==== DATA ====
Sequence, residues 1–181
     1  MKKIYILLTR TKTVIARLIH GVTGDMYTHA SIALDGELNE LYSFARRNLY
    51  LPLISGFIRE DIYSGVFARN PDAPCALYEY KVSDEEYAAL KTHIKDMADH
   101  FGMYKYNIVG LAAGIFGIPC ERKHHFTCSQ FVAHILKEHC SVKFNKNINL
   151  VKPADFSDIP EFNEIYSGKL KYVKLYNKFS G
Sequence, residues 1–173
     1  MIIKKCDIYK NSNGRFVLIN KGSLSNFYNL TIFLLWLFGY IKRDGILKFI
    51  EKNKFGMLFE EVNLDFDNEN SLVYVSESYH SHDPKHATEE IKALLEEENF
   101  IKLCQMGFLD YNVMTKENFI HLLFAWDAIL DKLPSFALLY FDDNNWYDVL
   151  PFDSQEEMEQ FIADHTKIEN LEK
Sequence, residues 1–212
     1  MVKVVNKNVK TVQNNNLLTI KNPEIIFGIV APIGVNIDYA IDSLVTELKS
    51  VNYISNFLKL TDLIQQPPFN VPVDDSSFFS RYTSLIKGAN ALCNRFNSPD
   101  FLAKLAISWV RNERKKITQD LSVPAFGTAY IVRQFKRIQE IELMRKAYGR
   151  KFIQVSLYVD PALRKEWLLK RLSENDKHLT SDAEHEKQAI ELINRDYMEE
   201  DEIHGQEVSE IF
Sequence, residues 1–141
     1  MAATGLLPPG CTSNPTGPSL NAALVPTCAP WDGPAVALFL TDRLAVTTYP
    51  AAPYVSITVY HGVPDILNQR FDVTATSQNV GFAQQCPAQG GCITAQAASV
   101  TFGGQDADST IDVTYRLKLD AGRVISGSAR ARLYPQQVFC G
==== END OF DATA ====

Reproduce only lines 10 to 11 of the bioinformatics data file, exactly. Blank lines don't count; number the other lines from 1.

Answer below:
   151  PFDSQEEMEQ FIADHTKIEN LEK
Sequence, residues 1–212